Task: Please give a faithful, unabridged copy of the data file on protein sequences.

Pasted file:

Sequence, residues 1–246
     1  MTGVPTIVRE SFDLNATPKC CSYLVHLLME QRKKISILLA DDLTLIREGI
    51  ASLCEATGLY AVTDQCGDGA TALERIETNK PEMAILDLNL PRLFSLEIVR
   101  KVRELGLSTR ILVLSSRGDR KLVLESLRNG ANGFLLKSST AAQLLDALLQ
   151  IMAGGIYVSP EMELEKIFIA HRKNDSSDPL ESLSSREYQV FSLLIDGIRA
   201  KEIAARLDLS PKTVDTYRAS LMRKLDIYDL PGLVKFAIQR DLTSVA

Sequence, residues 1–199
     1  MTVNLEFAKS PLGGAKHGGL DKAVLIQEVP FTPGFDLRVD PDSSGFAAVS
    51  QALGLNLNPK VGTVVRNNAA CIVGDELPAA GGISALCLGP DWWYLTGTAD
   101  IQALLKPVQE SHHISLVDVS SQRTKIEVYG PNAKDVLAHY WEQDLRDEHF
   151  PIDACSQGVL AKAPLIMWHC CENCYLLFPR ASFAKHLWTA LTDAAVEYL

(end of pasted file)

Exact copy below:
Sequence, residues 1–246
     1  MTGVPTIVRE SFDLNATPKC CSYLVHLLME QRKKISILLA DDLTLIREGI
    51  ASLCEATGLY AVTDQCGDGA TALERIETNK PEMAILDLNL PRLFSLEIVR
   101  KVRELGLSTR ILVLSSRGDR KLVLESLRNG ANGFLLKSST AAQLLDALLQ
   151  IMAGGIYVSP EMELEKIFIA HRKNDSSDPL ESLSSREYQV FSLLIDGIRA
   201  KEIAARLDLS PKTVDTYRAS LMRKLDIYDL PGLVKFAIQR DLTSVA

Sequence, residues 1–199
     1  MTVNLEFAKS PLGGAKHGGL DKAVLIQEVP FTPGFDLRVD PDSSGFAAVS
    51  QALGLNLNPK VGTVVRNNAA CIVGDELPAA GGISALCLGP DWWYLTGTAD
   101  IQALLKPVQE SHHISLVDVS SQRTKIEVYG PNAKDVLAHY WEQDLRDEHF
   151  PIDACSQGVL AKAPLIMWHC CENCYLLFPR ASFAKHLWTA LTDAAVEYL